You can pick any colors you want which best express your MVV, except for orange and navy… those are taken… Just kidding. But really, investigate what your competition is using and make sure to stand apart from them.

6) Your Brand Logo

There are many different kinds of logos, but I just want to focus on three: symbol, wordmark, and a hybrid of the two. When it comes to real estate, having a symbol will distinguish you from the competition, but I’d recommend starting out with a hybrid. The name of the game is clarity and simplicity. You want people to know what you do right off the bat. Nothing is going to make you look more professional than a killer logo.

7) Your Brand Bible Font

Bouncing right off your personality, color scheme, and logo, what type (or types) of font are you going to use across your website and emails? Legibility is key, but there is also a lot of personality in typography. Using a serif font will make you seem much more serious but having the vibe of a law firm might not play into the picture of the cool local agent.

8) Make a Brand Bible Inspiration Board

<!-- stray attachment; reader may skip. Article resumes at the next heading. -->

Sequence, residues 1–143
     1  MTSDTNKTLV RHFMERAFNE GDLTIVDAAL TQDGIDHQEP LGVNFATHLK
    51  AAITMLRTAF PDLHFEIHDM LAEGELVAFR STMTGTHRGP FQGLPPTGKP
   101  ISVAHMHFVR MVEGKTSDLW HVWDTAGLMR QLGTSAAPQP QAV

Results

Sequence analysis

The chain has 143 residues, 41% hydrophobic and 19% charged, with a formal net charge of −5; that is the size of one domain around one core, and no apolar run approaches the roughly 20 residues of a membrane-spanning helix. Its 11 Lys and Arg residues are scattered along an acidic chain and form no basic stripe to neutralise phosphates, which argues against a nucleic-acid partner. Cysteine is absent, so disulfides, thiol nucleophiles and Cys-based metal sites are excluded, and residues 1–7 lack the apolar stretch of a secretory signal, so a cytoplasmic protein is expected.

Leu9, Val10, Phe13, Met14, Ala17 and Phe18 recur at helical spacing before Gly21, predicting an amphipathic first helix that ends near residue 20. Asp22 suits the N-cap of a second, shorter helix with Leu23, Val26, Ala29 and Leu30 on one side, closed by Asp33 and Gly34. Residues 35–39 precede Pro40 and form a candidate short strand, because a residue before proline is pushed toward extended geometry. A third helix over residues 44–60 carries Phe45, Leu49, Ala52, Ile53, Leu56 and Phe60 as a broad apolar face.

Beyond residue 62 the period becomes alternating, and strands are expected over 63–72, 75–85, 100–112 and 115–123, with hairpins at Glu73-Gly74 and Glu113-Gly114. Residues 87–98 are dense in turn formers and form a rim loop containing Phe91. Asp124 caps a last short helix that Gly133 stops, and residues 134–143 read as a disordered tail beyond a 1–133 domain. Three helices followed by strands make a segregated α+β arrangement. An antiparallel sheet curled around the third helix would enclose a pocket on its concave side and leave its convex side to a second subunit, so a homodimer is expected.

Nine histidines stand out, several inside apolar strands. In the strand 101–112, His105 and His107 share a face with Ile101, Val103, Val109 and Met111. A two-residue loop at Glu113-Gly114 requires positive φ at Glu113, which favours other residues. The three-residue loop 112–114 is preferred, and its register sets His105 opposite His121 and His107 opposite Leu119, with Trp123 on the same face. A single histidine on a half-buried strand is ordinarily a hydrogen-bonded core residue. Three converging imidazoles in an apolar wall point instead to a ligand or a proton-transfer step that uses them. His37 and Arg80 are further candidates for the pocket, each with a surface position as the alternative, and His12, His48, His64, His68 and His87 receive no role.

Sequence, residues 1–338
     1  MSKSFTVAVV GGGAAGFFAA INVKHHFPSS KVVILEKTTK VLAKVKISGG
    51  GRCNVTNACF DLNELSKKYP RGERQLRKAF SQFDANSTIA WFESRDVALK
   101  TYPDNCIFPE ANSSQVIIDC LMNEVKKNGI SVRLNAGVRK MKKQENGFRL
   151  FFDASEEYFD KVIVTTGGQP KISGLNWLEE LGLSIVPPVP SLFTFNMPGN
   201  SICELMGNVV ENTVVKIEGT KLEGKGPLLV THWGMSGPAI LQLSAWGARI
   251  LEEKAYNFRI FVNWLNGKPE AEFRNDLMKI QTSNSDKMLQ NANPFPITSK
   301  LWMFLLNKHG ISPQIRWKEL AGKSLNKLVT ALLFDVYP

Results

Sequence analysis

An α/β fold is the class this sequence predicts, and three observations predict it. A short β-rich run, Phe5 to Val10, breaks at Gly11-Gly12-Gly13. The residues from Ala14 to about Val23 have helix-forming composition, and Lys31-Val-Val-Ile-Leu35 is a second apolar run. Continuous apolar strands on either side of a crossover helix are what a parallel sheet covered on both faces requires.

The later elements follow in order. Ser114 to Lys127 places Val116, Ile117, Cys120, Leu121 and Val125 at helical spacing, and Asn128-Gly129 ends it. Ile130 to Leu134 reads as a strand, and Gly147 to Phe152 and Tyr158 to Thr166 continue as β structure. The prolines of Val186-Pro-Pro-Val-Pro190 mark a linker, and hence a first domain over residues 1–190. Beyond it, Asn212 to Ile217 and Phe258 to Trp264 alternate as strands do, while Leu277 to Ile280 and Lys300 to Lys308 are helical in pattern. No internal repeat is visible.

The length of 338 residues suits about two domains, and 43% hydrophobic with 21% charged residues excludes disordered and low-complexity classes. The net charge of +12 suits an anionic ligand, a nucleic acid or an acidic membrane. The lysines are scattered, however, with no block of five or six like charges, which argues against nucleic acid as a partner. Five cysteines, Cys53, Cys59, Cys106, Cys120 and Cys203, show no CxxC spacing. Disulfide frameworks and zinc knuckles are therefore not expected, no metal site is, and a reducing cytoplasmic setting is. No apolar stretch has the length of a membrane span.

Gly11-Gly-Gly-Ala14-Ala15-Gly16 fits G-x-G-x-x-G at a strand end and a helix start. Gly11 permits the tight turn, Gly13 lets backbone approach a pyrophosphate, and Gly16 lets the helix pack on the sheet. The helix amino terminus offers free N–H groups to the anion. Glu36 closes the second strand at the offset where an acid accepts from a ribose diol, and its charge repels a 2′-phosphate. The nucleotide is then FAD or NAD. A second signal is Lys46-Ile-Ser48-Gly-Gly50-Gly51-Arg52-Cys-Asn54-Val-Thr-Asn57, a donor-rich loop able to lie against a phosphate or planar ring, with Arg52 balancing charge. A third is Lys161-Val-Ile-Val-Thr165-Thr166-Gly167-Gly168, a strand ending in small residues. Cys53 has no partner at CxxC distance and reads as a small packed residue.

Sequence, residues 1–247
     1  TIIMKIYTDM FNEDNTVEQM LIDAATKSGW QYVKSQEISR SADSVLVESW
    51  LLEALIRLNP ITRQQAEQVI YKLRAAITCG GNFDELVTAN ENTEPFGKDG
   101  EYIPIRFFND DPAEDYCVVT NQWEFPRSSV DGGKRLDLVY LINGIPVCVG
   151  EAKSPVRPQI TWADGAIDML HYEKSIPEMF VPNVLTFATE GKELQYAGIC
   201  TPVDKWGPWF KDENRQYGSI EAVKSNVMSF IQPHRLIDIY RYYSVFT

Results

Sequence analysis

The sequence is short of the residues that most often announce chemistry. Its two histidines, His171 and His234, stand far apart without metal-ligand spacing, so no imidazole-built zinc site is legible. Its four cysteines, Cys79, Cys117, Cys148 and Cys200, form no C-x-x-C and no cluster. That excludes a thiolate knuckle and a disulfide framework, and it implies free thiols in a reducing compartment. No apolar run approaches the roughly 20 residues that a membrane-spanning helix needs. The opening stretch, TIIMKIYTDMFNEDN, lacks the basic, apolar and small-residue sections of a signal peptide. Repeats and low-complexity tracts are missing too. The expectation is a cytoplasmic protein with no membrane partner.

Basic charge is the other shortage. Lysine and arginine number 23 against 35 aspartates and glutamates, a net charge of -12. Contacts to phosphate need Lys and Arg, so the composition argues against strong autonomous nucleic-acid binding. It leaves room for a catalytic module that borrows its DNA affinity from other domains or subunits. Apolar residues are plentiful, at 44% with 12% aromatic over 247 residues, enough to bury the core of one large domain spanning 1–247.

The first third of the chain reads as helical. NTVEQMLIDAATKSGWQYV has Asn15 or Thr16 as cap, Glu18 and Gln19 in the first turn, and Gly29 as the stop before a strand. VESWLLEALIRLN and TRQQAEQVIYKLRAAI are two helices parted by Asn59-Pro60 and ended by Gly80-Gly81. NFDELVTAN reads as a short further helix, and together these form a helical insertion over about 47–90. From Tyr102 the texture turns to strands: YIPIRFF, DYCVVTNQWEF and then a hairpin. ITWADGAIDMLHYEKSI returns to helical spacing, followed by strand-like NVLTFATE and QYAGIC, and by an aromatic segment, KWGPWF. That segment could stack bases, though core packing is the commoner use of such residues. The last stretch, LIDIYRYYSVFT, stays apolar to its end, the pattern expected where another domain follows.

Go online and look at some things you want to mimic or outright steal. What do you want your Instagram landing page to look like? What are the best agents out there doing? Make a Pinterest board, take screen shots, take notes. You want to make a visual reference for your own content.

The point of this brand bible is to give everyone on your team a complete understanding of how to create content for your brand. Let’s say you hire a photographer to take your picture for a billboard. The brand bible is the first thing you give them. So, what are some example billboard photos that fit with your brand image?

Once you have this inspiration board made, there is no excuse to not be making beautiful, consistent content.

9) Marketing Platforms and Tactics

At the end of the day, your brand is all about your marketing, so your branding should be a part of your brand bible. I’m not saying you need to include your entire marketing plan, but you should have a section which covers guidelines for the type of marketing you run. 

What social media platforms do you use? How often do you post on each? How often do you do an informative video vs. a walkthrough? What about emails? What does your newsletter look like and how often does it go out?

This is where the work comes in. Look at your vision… How do you get there? 

Get Help Building Your Brand

As I mentioned earlier, building a successful brand is about making it about more than just yourself. You’re putting out your message that is meant to resonate with a wide range of people. 

Having expert guidance is invaluable when building your brand bible. 

If you’re serious about creating a brand that lasts, you know where to find us and contact Tom Ferry